The news from Wall Street is prompting a lot of comparisons with the Great Depression, but the history books are filled with other similar financial crises. Throughout the 1800s, when the government barely regulated the financial markets at all, speculative bubbles and piles of bad loans caused several panics. History repeats itself.
Here's the story of one panic--a series of bank collapses that hit Chicago in 1896. I researched the Chicago Panic of 1896 when I was writing my book, Alchemy of Bones: Chicago's Luetgert Murder Case of 1897.
Although it seems arcane now, the hot topic of 1896 was whether gold or silver should be the nation's monetary standard. Some people, fearing that populist Democrat William Jennings Bryan would defeat Republican William McKinley in the presidential election, began buying up gold. Meanwhile, the Chicago firm W.H. and J.H. Moore was getting deep into stock-market speculation, heavily investing money from wealthy Chicagoans in the Diamond Match Co. and the New York Biscuit Co. When the Moore brothers went bust on Aug. 3, short selling was blamed for their collapse. Fearing a big sell-off, the Chicago Stock Exchange closed down for three months.
McKinley won the election, and two days later, the Chicago Stock Exchange reopened. Everything seemed fine. "Millions of dollars came out of the hoarding and hiding places where they had been kept under cover during the period of fearful apprehension over the stability of values," the Chicago Daily Tribune reported. "This money filled the vaults of the banks." But the good news did not last long.
On Dec. 21, the National Bank of Illinois failed, rapidly setting off a chain reaction. The bank had made some questionable loans, including $2.4 million to the unprofitable Calumet Electric Street Railroad. Bankers kept a $900,000 payment to the railroad secret by hiding it in a foreign-exchange account. Examiners discovered the bank didn't have enough money to cover all of the loans it had been making.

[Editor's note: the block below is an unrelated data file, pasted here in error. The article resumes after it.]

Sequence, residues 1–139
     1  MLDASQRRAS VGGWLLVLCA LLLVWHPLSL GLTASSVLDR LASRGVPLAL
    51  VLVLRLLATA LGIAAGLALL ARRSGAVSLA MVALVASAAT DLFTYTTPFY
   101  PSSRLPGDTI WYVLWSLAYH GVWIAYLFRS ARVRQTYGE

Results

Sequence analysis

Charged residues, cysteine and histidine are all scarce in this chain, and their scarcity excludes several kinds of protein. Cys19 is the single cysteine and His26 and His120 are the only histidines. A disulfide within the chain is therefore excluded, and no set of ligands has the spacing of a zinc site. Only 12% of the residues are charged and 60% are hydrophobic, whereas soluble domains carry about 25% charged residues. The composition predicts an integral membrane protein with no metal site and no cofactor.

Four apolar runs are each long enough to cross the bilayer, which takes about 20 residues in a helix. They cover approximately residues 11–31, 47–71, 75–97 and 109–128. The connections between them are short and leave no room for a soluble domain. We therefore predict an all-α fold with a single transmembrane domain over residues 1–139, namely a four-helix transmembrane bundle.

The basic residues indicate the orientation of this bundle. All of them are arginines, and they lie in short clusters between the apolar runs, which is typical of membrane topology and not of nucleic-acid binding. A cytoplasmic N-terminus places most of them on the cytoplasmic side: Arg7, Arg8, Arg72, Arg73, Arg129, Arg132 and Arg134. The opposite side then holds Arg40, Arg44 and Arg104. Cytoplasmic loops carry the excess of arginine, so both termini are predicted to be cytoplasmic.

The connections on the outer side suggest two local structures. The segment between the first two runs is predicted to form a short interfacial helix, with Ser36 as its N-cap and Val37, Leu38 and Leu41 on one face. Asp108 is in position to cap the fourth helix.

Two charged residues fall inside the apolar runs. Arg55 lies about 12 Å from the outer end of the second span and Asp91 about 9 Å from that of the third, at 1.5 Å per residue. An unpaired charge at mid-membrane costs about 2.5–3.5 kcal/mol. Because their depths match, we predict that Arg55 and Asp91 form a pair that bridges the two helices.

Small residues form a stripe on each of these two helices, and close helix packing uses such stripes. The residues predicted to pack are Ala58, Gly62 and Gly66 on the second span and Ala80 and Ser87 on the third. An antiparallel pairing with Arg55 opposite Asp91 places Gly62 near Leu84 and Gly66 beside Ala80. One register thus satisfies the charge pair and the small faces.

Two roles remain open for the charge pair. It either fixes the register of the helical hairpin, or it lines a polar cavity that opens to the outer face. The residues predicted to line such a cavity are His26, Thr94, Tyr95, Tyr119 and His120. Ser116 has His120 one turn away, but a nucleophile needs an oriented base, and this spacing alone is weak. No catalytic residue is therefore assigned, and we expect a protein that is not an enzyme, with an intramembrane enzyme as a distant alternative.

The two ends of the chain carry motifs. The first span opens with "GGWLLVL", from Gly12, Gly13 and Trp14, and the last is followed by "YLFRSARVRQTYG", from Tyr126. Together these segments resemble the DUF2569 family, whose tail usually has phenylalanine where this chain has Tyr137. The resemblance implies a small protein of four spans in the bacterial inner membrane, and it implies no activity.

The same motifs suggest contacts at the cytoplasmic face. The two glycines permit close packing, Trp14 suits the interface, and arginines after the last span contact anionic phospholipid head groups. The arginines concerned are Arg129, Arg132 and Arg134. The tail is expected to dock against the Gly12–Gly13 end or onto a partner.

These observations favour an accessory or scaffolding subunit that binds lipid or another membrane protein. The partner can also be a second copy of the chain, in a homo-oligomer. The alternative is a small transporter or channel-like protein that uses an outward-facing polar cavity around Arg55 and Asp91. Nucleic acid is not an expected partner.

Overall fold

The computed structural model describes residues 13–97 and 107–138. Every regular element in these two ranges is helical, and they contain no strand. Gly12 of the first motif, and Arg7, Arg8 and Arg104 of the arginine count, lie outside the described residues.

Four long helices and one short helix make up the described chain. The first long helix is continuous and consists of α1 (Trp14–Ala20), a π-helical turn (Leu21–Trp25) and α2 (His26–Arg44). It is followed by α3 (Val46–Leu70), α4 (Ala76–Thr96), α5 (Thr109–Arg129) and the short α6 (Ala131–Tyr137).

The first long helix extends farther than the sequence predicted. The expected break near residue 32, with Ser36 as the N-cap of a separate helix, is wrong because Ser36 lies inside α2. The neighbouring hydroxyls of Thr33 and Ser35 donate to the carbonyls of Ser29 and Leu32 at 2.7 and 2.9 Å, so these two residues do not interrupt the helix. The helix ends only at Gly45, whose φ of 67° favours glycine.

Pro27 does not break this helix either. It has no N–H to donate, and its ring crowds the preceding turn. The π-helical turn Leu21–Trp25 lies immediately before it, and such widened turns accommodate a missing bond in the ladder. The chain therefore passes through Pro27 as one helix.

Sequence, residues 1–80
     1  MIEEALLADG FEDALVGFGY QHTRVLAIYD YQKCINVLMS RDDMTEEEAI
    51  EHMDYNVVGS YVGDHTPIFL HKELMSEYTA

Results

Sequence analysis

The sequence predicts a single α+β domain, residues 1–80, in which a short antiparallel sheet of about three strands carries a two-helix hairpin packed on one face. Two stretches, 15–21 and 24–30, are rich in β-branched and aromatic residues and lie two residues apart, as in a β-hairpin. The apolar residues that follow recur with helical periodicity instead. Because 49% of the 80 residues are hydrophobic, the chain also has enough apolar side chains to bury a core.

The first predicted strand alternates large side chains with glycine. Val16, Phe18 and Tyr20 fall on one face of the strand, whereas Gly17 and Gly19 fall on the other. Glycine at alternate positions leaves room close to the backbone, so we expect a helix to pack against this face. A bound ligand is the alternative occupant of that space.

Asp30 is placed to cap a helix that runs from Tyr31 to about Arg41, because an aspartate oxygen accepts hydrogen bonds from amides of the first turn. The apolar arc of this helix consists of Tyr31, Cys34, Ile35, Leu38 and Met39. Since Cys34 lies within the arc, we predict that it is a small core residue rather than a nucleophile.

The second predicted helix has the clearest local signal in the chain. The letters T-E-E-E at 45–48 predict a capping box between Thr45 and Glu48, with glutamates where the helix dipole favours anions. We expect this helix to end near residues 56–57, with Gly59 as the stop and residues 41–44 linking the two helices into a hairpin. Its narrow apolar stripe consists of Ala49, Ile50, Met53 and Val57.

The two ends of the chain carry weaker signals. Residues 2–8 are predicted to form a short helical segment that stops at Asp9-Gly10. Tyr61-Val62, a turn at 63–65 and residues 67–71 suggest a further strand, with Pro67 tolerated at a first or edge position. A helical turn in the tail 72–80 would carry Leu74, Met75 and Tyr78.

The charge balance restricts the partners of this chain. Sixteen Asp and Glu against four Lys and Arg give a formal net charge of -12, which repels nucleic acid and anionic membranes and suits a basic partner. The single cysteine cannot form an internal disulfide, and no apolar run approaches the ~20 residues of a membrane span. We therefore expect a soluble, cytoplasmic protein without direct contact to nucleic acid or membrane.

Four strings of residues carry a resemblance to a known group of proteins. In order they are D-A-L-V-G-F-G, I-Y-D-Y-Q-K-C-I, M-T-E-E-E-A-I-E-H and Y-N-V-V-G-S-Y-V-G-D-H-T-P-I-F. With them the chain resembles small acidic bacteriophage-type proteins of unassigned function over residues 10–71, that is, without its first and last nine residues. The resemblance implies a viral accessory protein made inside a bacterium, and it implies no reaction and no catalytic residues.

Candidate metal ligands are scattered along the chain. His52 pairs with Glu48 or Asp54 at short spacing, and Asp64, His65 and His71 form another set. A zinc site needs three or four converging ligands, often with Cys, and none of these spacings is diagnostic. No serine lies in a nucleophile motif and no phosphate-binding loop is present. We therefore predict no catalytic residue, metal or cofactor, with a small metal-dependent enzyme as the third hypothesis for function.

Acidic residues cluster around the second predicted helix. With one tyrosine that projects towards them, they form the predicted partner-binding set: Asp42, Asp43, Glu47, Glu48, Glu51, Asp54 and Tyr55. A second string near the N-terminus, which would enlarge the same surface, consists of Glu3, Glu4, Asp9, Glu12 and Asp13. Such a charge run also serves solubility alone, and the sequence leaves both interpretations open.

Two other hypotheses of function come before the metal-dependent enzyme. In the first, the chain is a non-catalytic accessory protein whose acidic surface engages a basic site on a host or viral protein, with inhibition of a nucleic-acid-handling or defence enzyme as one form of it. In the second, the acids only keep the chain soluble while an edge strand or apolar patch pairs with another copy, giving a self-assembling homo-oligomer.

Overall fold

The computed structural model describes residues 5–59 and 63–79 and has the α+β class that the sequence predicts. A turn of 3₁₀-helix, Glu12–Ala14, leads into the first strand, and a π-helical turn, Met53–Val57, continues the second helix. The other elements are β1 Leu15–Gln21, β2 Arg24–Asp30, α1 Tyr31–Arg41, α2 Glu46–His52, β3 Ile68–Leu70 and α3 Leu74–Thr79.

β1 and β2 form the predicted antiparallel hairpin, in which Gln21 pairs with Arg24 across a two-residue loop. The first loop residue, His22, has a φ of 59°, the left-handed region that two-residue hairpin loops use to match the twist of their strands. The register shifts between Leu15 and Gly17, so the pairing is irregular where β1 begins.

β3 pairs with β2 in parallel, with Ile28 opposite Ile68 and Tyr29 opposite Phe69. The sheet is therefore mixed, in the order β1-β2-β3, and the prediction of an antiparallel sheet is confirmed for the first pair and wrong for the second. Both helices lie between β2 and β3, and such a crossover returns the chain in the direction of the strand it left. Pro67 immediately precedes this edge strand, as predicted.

The collapse of the $22 million National Bank of Illinois sounds miniscule today, but at the time, it was record-breaking. "Never in the history of the national banking system had there been as great a failure," F. Cyril James wrote in his book The Growth of Chicago Banks. "The public was astounded."
A crowd gathered outside the bank at 115 Dearborn St., waiting in vain for the big doors to open. Other Chicago banks, including E.S. Dreyer & Company, relied on the National Bank for financing, and they began closing their doors as well.
"Dark, sullen, foreign faces were surging thick around the doors of E.S. Dreyer's bank at noon," the Chicago Daily News reported. "Men in rough, shaggy overcoats, teamsters, small storekeepers - Germans and Scandinavians nearly all - were crowding up the stairs. The guttural accents flew fast - angry words, cried of despair came from the men whose all had been stowed in the vaults of the Dearborn street concern ... Inside were a few husky, powerful fellows--evidently the guardians of the establishment. They opened the doors at times and talked pleasantly enough, but would not let anyone in. Once a big bearded man, in a checked gingham roundabout, got off his wagon and ran up to the door. He saw the sign, he noted the staring, wailing crowd and then sank back against the opposite wall: 'Mein Gott!' he cried. 'Id is all gone--all gone--und now I haf got not so much as I gome ofer mit!'"
Another bank used by many Germans and Swedes, Wasmandorf & Heinemann, also posted a placard in its window, declaring it was defunct. On Dec. 27, banker Otto Wasmandorf arose and breakfasted at his usual hour. After playing for almost an hour with his 8-year-old granddaughter, he said he was tired, raised her in his arms, and kissed her on the lips. Saying nothing to his wife, he went upstairs and into a little bedroom, where almost nothing had been touched since his grown son, Richard, died in the room of pneumonia four years earlier. Wasmandorf carried a revolver that had belonged to his son. He stretched himself across the bed, put the muzzle to his right temple and pulled the trigger.